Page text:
Market fresh: It’s springtime at the farmers market
By Sara Pitzer
For The Salisbury Post
This has been a glorious spring for those of us who love the cool weather crops ó spinach, baby cabbage, early radishes, baby turnips, young cauliflower. What’s such a delight is that our continuing cool weather is producing an abundance of this produce over a long time. Once you’ve enjoyed the vegetables in their simplest form, it’s fun to move on to some interesting variations.
My personal discovery this spring has been chopped salad. I don’t know how I’ve cooked for so long or read so many cookbooks without knowing about it. I guess I still wouldn’t, if I hadn’t had dinner at the Hyatt in downtown Atlanta recently. I ordered just an appetizer and, intrigued by the “chopped,” a salad as well. Believe me, it was an expensive salad, but it was beautiful and astonishingly good. Chopped salad is not at all like our tossed salads or the Italian mixed salads (which are about the same thing).
You could make a chopped salad with no lettuce at all, just a variety of whatever vegetables are in season. Everything should be chopped quite fine, a step you could do in the food processor if you were careful not to overdo, but I like the variety of sizes and shapes that comes with using a cutting board and a big, sharp knife.
The other nice thing about this salad is that as long as you don’t put dressing on it, it will keep well in the refrigerator, and you can add new chopped ingredients to it as they come along. Add the dressing when you’re ready to serve a portion.
Here are the farmers’ market vegetables I’ve used so far:
Baby turnips (peeled)
Iceberg lettuce (in small amounts)
The dressing should be a simple oil and vinegar, with salt and pepper to taste. To add light garlic flavor, soak a peeled clove in the oil for 20 or 30 minutes. And you can vary the vinegars you use for ongoing interest. My personal favorite oil is a fruity olive oil from Sicily. (Incidentally, when you buy good olive oil, choose a brand that has the date of the crop ó not the bottling date ó in the label. The oil shouldn’t be more than two years old.) For vinegars, I like balsamic, raspberry, English-style malt and unfiltered cider. Not all together, of course!
Sprinkle a small amount of dressing over the chopped vegetables, toss, taste for seasoning and then spoon onto individual serving plates ó nice big ones, to frame your glistening vegetable masterpiece.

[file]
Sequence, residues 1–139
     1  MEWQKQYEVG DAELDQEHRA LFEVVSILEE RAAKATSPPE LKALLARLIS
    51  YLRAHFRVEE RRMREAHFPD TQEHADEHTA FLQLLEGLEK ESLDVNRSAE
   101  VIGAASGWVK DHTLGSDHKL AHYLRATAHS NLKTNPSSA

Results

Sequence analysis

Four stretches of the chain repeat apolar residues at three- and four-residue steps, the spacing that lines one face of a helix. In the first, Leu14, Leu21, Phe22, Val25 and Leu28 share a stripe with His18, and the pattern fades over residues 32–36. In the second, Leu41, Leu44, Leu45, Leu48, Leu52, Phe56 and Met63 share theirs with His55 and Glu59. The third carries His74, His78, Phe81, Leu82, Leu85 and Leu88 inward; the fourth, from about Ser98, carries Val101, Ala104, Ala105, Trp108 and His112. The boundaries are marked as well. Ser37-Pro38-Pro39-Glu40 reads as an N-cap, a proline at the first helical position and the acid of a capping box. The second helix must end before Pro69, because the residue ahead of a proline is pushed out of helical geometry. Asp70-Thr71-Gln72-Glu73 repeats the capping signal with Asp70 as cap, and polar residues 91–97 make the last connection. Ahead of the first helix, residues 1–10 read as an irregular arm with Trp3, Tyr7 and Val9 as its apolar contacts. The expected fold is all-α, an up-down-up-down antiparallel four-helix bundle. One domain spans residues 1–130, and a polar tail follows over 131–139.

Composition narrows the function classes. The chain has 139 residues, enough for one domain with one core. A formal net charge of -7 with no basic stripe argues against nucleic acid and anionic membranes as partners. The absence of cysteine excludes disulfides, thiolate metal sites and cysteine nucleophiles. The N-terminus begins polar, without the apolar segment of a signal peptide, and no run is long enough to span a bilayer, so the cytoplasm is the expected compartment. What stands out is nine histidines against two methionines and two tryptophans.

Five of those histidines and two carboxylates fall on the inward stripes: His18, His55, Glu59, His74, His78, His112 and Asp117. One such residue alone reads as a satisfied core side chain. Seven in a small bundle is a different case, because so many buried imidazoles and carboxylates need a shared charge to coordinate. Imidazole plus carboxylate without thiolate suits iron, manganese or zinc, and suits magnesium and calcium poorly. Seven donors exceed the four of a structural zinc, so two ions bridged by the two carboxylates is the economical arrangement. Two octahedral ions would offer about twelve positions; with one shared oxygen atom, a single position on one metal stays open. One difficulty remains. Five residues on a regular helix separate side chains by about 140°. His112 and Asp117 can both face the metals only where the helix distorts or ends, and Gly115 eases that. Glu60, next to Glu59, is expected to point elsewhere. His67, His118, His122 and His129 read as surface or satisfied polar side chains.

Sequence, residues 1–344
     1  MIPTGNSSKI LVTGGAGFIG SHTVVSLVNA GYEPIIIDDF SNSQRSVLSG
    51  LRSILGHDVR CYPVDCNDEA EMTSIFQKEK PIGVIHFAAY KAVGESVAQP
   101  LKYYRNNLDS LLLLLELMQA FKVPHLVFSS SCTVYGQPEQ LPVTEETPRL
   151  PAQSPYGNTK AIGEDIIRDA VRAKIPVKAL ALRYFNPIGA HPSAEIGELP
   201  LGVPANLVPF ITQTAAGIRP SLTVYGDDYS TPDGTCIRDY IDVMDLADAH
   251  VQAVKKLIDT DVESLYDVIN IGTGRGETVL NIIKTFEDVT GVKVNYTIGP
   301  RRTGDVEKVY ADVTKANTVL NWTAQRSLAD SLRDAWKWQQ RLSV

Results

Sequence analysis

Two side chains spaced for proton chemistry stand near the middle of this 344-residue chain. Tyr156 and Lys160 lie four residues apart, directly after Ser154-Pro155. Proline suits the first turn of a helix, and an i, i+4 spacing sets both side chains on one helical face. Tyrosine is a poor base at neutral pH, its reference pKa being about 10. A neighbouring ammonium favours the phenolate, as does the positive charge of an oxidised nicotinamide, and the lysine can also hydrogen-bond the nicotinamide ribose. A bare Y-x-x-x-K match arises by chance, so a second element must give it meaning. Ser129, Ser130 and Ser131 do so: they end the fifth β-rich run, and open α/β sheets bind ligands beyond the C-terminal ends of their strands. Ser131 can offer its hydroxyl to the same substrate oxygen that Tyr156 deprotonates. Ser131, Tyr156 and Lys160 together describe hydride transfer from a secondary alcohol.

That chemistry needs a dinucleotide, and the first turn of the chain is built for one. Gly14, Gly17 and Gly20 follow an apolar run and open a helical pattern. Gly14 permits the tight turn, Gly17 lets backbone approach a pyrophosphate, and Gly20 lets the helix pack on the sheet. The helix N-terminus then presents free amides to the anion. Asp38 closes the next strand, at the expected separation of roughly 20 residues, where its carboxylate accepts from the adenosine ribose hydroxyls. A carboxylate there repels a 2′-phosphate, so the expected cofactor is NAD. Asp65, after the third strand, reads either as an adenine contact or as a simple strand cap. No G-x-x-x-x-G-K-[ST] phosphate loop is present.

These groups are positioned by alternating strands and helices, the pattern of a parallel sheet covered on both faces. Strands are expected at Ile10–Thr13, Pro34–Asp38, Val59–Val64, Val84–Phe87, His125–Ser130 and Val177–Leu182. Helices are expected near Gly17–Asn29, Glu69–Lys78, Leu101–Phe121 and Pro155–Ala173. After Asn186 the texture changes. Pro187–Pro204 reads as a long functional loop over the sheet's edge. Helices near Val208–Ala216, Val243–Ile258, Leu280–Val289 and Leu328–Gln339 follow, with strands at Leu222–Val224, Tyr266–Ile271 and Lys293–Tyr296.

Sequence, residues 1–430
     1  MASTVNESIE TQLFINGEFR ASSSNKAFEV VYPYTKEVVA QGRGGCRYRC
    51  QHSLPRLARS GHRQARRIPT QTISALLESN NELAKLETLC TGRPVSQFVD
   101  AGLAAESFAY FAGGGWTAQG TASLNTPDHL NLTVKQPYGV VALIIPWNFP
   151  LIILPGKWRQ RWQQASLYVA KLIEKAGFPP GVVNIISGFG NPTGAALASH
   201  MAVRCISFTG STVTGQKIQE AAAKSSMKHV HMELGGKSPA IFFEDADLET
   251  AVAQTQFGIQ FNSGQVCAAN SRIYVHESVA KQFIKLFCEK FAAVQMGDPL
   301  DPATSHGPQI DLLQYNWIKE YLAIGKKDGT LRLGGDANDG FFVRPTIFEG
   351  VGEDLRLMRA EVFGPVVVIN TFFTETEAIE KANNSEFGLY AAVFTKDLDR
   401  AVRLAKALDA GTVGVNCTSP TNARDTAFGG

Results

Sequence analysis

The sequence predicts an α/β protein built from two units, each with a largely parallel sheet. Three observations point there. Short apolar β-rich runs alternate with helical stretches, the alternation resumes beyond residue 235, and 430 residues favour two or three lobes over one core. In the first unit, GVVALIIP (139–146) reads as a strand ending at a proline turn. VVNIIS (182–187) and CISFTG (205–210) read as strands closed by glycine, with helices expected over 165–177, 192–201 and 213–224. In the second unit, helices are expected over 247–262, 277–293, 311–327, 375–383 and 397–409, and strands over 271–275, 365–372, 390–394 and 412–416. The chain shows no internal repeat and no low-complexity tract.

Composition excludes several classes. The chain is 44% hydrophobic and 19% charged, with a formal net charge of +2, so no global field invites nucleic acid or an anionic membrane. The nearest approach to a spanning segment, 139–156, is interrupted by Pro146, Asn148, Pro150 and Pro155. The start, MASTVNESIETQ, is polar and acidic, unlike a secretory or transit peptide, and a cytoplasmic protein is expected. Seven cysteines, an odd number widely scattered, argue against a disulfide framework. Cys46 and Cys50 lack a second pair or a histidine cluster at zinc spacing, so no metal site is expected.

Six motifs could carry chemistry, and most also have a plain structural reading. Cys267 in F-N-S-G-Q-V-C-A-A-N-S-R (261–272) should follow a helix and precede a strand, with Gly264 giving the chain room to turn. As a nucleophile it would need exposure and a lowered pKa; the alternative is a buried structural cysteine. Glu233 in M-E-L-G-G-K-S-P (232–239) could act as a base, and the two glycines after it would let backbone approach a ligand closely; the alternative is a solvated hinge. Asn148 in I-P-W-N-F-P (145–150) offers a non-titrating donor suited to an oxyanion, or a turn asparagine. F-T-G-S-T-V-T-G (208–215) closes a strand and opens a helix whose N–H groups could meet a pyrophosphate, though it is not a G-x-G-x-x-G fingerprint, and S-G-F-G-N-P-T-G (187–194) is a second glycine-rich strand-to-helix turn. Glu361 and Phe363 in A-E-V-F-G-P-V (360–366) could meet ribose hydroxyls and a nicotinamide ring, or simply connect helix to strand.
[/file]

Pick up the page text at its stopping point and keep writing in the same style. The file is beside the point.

A few chopped olives or capers sprinkled on top make a nice flavor addition.
Spinach or Swiss Chard Patties
Here’s a way to use leftover cooked spinach or chard, or you can start from scratch, in which case just steam the greens lightly, drain, save the liquid for soup, and chop coarsely.
To hold the greens together, use good quality dry bread crumbs. Whole wheat gives the biggest flavor charge.
1 C. cooked spinach or chard
1 C. dry bread crumbs
1/4 C. chopped onion, lightly sauteed
1/4 C. sliced mushrooms, lightly sauteed (optional)
Salt and pepper to taste
Mix all ingredients thoroughly. You may need to use a few more bread crumbs or a little of the cooking liquid, depending on the size of the egg and how well you drained the spinach or chard. You want to end up with a mixture that can be handled to shape into patties. This will be easier to do if you refrigerate the mixture for half an hour or longer before forming the patties. Smaller patties are easiest to handle.
To cook, skim a griddle or shallow skillet with oil and bring to medium-high heat before putting on the patties. Cook until nicely
browned, then turn to brown the other side. Serve hot or at room temperature.
Makes 6-8 patties depending on size.
Variations: A little cottage cheese or ricotta adds a nice flavor. And in Peru, I had these made with coarse cracker crumbs rather than bread. It’s a good combination, but crackers don’t have the nutritional punch of whole wheat bread.
Whipped Cream Slaw
This is a recipe my Grandmother Pennington used to make for special occasions. We called it “ice cream cabbage.” It’s a divine recipe for showing off young, tender cabbage. I’ve seen recipes suggesting one of the frozen whipped toppings as a substitute for real whipped cream, but I wouldn’t do that even to tough old cabbage. Also, some people prefer white vinegar to cider vinegar, but to me, it’s just astringent, with no flavor of its own to contribute. Adjust the balance between sugar and vinegar to your taste.
1 small head young cabbage, finely shredded
1/3 C. sugar
2-3 T. cider vinegar
Salt to taste (no pepper)
1 half-pint whipping cream
Let the cabbage stand for about 30 minutes to drain off some of the moisture, then mix in the sugar, vinegar and salt. At serving time, no sooner, whip the cream and fold it gently into the cabbage. Serve right away. Makes about 6 servings, depending on the size of the cabbage.
Note: If you find you have more whipped cream than you need, spoon it in mounds onto a parchment lined baking sheet and freeze. Store the frozen mounds in a plastic bag or freezer box. They can be thawed to use on fruit or cocoa, a serving at a time.
Visit Sara at www.planetpitzer.com.
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